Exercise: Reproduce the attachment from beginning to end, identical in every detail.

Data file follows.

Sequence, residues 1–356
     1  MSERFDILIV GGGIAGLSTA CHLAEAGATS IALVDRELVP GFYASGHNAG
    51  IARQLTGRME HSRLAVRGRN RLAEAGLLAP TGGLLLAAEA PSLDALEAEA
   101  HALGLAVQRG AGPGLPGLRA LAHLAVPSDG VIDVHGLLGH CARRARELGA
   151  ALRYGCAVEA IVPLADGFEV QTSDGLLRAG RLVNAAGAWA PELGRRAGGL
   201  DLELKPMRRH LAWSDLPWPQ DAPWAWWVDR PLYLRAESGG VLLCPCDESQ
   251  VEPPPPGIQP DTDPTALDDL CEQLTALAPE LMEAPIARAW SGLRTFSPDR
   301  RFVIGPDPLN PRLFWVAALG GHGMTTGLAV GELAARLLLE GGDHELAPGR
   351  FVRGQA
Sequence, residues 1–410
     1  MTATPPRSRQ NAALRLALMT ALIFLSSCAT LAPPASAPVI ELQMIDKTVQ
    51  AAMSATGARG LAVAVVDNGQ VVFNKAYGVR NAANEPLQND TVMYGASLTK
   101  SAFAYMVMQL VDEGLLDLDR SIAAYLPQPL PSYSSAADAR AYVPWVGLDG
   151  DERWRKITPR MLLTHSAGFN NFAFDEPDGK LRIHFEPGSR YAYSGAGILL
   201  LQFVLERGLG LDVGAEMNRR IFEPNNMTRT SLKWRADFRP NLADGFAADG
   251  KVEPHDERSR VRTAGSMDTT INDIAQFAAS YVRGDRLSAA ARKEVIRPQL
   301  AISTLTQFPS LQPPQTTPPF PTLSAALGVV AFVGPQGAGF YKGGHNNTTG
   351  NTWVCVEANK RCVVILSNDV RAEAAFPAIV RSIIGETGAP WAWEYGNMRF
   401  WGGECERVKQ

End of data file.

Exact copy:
Sequence, residues 1–356
     1  MSERFDILIV GGGIAGLSTA CHLAEAGATS IALVDRELVP GFYASGHNAG
    51  IARQLTGRME HSRLAVRGRN RLAEAGLLAP TGGLLLAAEA PSLDALEAEA
   101  HALGLAVQRG AGPGLPGLRA LAHLAVPSDG VIDVHGLLGH CARRARELGA
   151  ALRYGCAVEA IVPLADGFEV QTSDGLLRAG RLVNAAGAWA PELGRRAGGL
   201  DLELKPMRRH LAWSDLPWPQ DAPWAWWVDR PLYLRAESGG VLLCPCDESQ
   251  VEPPPPGIQP DTDPTALDDL CEQLTALAPE LMEAPIARAW SGLRTFSPDR
   301  RFVIGPDPLN PRLFWVAALG GHGMTTGLAV GELAARLLLE GGDHELAPGR
   351  FVRGQA
Sequence, residues 1–410
     1  MTATPPRSRQ NAALRLALMT ALIFLSSCAT LAPPASAPVI ELQMIDKTVQ
    51  AAMSATGARG LAVAVVDNGQ VVFNKAYGVR NAANEPLQND TVMYGASLTK
   101  SAFAYMVMQL VDEGLLDLDR SIAAYLPQPL PSYSSAADAR AYVPWVGLDG
   151  DERWRKITPR MLLTHSAGFN NFAFDEPDGK LRIHFEPGSR YAYSGAGILL
   201  LQFVLERGLG LDVGAEMNRR IFEPNNMTRT SLKWRADFRP NLADGFAADG
   251  KVEPHDERSR VRTAGSMDTT INDIAQFAAS YVRGDRLSAA ARKEVIRPQL
   301  AISTLTQFPS LQPPQTTPPF PTLSAALGVV AFVGPQGAGF YKGGHNNTTG
   351  NTWVCVEANK RCVVILSNDV RAEAAFPAIV RSIIGETGAP WAWEYGNMRF
   401  WGGECERVKQ